This new wife proceeded to financially deplete her husband’s finances, despite the man’s family attempting to intervene. In other words, declines in financial ability make older adults very vulnerable to financial abuse, which can be perpetuated by family members and friends, as well as by scammers and strangers. So nobody likes to confront the fact that our ability to manage money will — in all likelihood — some day decline. (Recent research suggests that even seniors who don’t develop dementia often experience declines in financial ability. ) And families are understandably squeamish about monitoring an older relative’s financial abilities. The trouble, of course, is that financial decline is uncomfortable for seniors and for their families to think about.
Managing money, after all, is one of the ways we maintain autonomy and control over our lives. And I want you to be able to answer yes, because declines in the ability to manage finances are very common among older adults, and often causes serious health and life problems. If results of operations for any period presented have been adjusted retroactively by such an item subsequent to the initial reporting of such period, similar disclosure of the effect of the change shall be made. Interim statements of comprehensive income shall also include major captions prescribed by the applicable sections of part 210 of this chapter (Regulation S-X). In calculating average net income, loss years should be excluded. If losses were incurred in each of the most recent three years, the average loss shall be used for purposes of this test. Notwithstanding these tests, § 210. 4-02 applies and de minimis amounts therefore need not be shown separately, except that registrants reporting under § 210. 9 shall show investment securities gains or losses separately regardless of size.
Caught between a rock and a hard spot. ” A 67-year-old, insured woman with metastatic breast cancer— let’s call her “Janet”— recently described how her life changed due to costs of cancer care. We all hear about the cost of care at every turn; healthcare reform is at the forefront of the national debate. The debate is carried on in medical journals, which are flooded by editorial pieces on how to bend the cost curve. Indeed, this journal has recently published commentaries on the rising cost of cancer treatment, healthcare financing, and the value of care. Buried somewhere in the sheaves of dire projections and cost trends, her daily experience with the cost of cancer treatment is lost. Oncologists who treat patients daily listen to similar life-altering, cost-related complaints, along with reports of fatigue, nausea, and pain.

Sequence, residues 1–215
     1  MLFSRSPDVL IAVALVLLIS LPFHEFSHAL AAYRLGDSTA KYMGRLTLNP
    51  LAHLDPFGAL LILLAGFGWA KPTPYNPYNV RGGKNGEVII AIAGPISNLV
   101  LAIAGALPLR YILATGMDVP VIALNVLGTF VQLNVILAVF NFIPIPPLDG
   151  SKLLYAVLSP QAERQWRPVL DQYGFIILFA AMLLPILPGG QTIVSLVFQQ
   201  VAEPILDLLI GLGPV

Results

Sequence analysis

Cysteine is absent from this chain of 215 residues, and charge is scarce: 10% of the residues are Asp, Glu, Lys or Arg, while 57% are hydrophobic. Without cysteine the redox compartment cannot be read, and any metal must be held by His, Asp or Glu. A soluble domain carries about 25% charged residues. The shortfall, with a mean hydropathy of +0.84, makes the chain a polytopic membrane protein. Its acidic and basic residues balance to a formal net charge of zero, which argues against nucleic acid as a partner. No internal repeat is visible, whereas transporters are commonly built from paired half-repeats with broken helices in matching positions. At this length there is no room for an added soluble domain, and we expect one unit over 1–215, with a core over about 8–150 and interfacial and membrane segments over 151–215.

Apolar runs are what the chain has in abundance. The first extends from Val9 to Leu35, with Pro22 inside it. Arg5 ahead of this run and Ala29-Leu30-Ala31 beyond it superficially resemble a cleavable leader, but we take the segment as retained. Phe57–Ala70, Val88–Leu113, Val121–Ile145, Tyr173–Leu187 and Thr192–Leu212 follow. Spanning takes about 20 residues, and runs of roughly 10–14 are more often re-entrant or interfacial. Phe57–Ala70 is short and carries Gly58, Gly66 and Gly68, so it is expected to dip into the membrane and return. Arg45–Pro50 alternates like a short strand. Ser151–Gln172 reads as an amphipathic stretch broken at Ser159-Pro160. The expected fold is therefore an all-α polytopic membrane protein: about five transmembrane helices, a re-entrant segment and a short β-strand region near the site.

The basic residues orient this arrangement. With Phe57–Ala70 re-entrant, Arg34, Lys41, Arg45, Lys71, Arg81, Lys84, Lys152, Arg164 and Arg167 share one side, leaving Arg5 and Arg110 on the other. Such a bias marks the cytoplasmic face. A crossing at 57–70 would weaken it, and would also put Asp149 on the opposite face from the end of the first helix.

Even people who don’t have Alzheimer’s or a neurodegenerative disease often experience increasing difficulties managing their finances as they age. This point is especially vividly brought to life in the Times story, which starts off by relaying the true story of a man who got remarried late in life to a younger woman.
Allowing and incentivizing people to save some of their tax refunds when possible, and ensuring that their savings won’t preclude them from accessing safety net programs, is paramount. The implications became magnified as the design of the CARES Act’s Economic Impact Payments delivered key household financial relief through the tax system. We provide the banking community with timely information and useful guidance. “We don’t travel; we don’t do anything now because it’s a $100, 000 illness.
The crisis has magnified existing system and policy challenges. For example, we continue to push for more equity in our tax codes—federal and state—to support lower-income people. That includes expanding the EITC for currently eligible households and for those currently ineligible, or barely eligible, and providing income supports for people whose employment has been reduced or eliminated in the midst of COVID-19. We believe policies in the tax code and in our safety net system should facilitate, not hinder, savings.
This article cites this 2009 study, which often found that declining financial abilities were linked to progressing from mild cognitive impairment to actual dementia. The Times notes that research suggests the ability to manage finances peaks when people are in their mid-50s.